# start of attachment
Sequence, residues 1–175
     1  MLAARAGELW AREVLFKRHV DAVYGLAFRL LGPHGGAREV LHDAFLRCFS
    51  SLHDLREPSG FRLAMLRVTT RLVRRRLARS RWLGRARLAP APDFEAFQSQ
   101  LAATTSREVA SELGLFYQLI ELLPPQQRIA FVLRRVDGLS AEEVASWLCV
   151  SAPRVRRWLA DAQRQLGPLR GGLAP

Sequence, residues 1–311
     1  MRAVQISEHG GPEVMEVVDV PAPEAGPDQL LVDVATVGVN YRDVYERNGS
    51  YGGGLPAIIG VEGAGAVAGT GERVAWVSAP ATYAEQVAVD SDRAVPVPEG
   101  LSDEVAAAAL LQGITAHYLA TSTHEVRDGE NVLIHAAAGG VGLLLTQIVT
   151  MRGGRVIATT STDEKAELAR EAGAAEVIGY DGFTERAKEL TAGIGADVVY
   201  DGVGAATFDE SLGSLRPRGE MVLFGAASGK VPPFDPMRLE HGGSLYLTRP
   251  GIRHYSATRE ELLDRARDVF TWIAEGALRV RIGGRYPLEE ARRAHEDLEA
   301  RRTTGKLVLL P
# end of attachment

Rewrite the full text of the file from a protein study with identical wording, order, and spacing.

Sequence, residues 1–175
     1  MLAARAGELW AREVLFKRHV DAVYGLAFRL LGPHGGAREV LHDAFLRCFS
    51  SLHDLREPSG FRLAMLRVTT RLVRRRLARS RWLGRARLAP APDFEAFQSQ
   101  LAATTSREVA SELGLFYQLI ELLPPQQRIA FVLRRVDGLS AEEVASWLCV
   151  SAPRVRRWLA DAQRQLGPLR GGLAP

Sequence, residues 1–311
     1  MRAVQISEHG GPEVMEVVDV PAPEAGPDQL LVDVATVGVN YRDVYERNGS
    51  YGGGLPAIIG VEGAGAVAGT GERVAWVSAP ATYAEQVAVD SDRAVPVPEG
   101  LSDEVAAAAL LQGITAHYLA TSTHEVRDGE NVLIHAAAGG VGLLLTQIVT
   151  MRGGRVIATT STDEKAELAR EAGAAEVIGY DGFTERAKEL TAGIGADVVY
   201  DGVGAATFDE SLGSLRPRGE MVLFGAASGK VPPFDPMRLE HGGSLYLTRP
   251  GIRHYSATRE ELLDRARDVF TWIAEGALRV RIGGRYPLEE ARRAHEDLEA
   301  RRTTGKLVLL P